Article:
Biking is also allowed again on the historic Arsenal Island as of July 2009. It was previously discouraged after September 11, 2001. Bicyclists have access to any of the island's public areas, including recreational biking on the golf course biking trails. Bicyclists must inform the guards where they are headed when entering the island and anyone 16 and older must have a driver's license or government-issued photo ID because it is a working military facility.
The island is open to bicyclists from 7 a.m. to dusk, and cyclists may enter the Arsenal from either the Rock Island gate. Helmets and safety equipment are required for all bikers. Bicyclists are expected to obey traffic rules and stick to bicycle trails as much as possible. Rear reflectors and a functioning taillight in hours when headlights are needed also are required. Those driving to the island and transporting their bikes may park and unload at the Mississippi River Visitor Center at the west end of the island.
In August 2005, the first link across the Mississippi River for the American Discovery Trail (ADT) opened in the Quad Cities. The ADT is a 6,800-mile national trail that will reach east to west across the U.S. from the Atlantic Ocean to the Pacific Ocean. The $1.65 million crossing is a new section of path that was added to the Rock Island viaduct bridge from Rock Island, Illinois, to Arsenal Island. It is separate from vehicle traffic. A complete list of participating trails can be found on the ADT website at www.discoverytrail.org.
These trails are also part of the Mississippi River Trail (MRT). It is a newly formed 10-state network of bike trails and bikeable roads that lines the Mississippi River from its headwaters in Minnesota all the way down to the Gulf of Mexico. A complete list of participating trails can be found on the MRT website at www.mississippirivertrail.org.
For some off-trail adventure, the Quad Cities has four designated mountain bike trails maintained by the Friends of Off-Road Cycling, www.qcforc.org. Sylvan Island in Rock Island, Illinois, is great for quick, easy rides or after-work rides. It is of moderate difficulty with few hills, but enough of a single track-type ride to keep it interesting. A variety of people (fishermen, hikers, runners, etc.) also use this trail.
A ten-mile trail is in Scott County Park in Long Grove, Iowa, and it starts at Pride Lake. There are a couple different loops for riders to follow. Sunderbruch Park on Davenport’s west side has about seven miles of hiking and mountain biking trails from green to black diamond levels of difficulty.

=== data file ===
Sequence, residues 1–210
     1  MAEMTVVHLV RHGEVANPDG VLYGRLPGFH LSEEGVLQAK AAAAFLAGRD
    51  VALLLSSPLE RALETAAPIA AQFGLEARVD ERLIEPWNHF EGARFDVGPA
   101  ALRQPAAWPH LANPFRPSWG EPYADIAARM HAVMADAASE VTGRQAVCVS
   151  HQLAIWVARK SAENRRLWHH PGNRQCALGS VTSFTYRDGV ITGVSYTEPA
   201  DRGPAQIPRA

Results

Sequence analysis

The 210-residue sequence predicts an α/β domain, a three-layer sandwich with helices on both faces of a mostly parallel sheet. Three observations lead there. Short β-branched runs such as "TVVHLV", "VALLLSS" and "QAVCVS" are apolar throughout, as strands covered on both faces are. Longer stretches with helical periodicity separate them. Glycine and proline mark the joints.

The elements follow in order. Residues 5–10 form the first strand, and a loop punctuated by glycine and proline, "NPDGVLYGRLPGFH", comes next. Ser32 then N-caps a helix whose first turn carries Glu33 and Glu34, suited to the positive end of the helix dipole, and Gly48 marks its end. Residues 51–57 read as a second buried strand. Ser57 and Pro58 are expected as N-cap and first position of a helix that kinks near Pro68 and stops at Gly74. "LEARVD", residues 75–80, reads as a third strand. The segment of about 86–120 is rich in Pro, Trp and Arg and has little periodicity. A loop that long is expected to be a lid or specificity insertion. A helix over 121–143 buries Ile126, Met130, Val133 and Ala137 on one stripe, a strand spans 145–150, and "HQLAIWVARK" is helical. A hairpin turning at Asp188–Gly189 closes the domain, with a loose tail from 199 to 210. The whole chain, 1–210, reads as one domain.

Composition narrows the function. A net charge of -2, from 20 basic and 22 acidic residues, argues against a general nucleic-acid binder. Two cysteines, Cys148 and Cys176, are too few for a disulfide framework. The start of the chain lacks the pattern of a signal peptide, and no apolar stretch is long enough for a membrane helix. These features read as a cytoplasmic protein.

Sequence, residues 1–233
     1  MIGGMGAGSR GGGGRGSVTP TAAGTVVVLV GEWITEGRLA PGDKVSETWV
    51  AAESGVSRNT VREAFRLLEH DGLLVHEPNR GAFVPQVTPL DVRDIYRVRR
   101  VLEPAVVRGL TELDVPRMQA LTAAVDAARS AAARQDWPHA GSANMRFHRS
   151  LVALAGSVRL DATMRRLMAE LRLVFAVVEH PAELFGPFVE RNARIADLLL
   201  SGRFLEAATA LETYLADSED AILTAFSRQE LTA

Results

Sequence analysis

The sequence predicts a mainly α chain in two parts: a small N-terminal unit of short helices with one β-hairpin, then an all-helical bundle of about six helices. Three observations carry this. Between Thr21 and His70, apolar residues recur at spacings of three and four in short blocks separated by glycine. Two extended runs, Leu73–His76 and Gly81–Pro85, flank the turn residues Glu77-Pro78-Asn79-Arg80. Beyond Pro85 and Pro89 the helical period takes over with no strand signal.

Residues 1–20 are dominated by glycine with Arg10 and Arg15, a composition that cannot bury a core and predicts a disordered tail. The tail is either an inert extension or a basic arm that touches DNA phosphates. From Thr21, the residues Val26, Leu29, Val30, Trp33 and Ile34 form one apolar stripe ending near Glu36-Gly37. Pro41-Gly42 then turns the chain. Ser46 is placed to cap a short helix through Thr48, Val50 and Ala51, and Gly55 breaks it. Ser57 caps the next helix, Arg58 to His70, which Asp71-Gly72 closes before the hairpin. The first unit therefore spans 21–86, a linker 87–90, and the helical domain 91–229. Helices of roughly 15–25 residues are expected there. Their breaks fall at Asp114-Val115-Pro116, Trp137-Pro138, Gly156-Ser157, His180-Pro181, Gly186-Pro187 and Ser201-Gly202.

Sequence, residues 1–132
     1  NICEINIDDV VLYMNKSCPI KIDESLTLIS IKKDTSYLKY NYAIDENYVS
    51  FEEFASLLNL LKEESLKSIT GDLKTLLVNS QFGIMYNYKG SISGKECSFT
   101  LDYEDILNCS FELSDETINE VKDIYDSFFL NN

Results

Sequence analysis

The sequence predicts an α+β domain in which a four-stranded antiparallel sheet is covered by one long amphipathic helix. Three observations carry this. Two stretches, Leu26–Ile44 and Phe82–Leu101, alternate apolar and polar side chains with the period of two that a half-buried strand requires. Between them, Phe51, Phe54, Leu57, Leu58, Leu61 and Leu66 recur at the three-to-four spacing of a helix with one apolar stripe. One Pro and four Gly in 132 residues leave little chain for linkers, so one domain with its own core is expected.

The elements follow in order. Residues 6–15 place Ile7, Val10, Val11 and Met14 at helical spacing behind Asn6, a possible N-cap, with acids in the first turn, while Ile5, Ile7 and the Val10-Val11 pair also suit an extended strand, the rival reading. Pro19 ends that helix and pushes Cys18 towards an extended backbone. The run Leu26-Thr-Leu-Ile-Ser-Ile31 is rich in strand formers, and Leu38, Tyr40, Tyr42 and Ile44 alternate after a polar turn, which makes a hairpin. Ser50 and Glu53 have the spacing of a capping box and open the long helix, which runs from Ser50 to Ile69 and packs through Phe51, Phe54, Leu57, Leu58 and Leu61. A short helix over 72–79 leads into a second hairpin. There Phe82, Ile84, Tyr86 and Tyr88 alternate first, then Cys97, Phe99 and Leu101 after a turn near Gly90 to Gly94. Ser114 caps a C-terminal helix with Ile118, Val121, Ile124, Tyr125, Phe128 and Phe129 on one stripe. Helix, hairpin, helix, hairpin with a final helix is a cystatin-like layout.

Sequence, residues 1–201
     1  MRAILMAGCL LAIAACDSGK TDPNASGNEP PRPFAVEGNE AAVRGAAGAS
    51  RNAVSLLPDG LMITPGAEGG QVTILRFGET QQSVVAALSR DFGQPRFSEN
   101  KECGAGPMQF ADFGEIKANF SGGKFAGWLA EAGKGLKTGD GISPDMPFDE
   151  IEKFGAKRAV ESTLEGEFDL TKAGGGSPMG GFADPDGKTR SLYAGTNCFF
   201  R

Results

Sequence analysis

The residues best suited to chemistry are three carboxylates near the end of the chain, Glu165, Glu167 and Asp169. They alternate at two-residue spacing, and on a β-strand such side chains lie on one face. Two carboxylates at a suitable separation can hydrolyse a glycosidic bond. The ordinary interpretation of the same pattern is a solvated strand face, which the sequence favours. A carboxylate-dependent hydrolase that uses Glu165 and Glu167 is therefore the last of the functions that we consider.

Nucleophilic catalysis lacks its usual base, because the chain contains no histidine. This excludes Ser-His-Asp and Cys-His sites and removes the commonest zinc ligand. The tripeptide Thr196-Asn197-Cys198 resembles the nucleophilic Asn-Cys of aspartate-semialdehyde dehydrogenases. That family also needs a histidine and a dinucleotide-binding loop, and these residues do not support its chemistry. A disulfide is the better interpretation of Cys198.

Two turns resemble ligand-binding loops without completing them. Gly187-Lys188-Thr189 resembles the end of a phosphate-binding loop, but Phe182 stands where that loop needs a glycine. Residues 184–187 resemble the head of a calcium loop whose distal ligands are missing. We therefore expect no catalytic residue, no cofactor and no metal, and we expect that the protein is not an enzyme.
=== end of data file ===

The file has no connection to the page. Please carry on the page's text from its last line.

Illiniwek Park in Hampton, Illinois, is the newest of the FORC trail systems with the greatest elevation changes and greatest flowing corners in the area. The park is made up of two large loops, one on the north end of the park and other on the south end.
Another trail is located at Loud Thunder Forest Preserve in Illinois City, Illinois, 20 minutes outside the metro Quad Cities. All eight miles of single track at Loud Thunder is bi-directional, making for 16 miles of heart-pounding fun! Make sure to allow plenty of time to complete the trails; it can easily take one hour for the six-mile loop alone. The six-mile single track loop consists of very challenging, twisty trail with lots of ravines (read: HILLS), jumps, roots, log-ladders, mud, and at least 9 bridges and/or creek crossings. The 1 1/2 mile "warm-up" single track has trailheads near the rangers' house.
Even if you don’t have a bike with you, you can still experience the fun of riding the trails in the Quad Cities. The Quad Cities Convention & Visitors Bureau rents bicycles at their downtown Davenport and Moline visitor centers that are all located right on the bike path. More rental information can be found by calling (309) 277-0937 or by visiting the Quad Cities Convention & Visitors Bureau’s website at www.visitquadcities.com.
In July 2011, RAGBRAI (The Register's Annual Great Bicycle Ride Across Iowa) ended in Davenport. It was the first time in 29 years that RAGBRAI ended in Scott County – last time was Davenport in 1982. It brought almost 20,000 cyclists to Davenport in one day for a successful celebration. It coincided with the Bix 7 road race with almost 15,000 runners for the largest one-day, one-site gathering of sports participants in Iowa history.
For information on the trails in the Quad Cities area, contact River Action at 563-322-2969 or www.riveraction.org or visit the Quad Cities Bicycle Club website at www.qcbc.org. Contact the Quad Cities Convention and Visitors Bureau at 800-747-7800 or visit their website at www.visitquadcities.com
The Quad Cities is also known for its abundance of special events, festivals, attractions, museums, river boats, gaming, shopping, performances, golf, restaurants, and, of course, the Mississippi River.
Joined by the Mississippi River, Moline/East Moline and Rock Island are the riverfront cities in Illinois, and Bettendorf and Davenport make up the cities on the Iowa side of the river. Together, these cities and the surrounding communities make up the Quad Cities.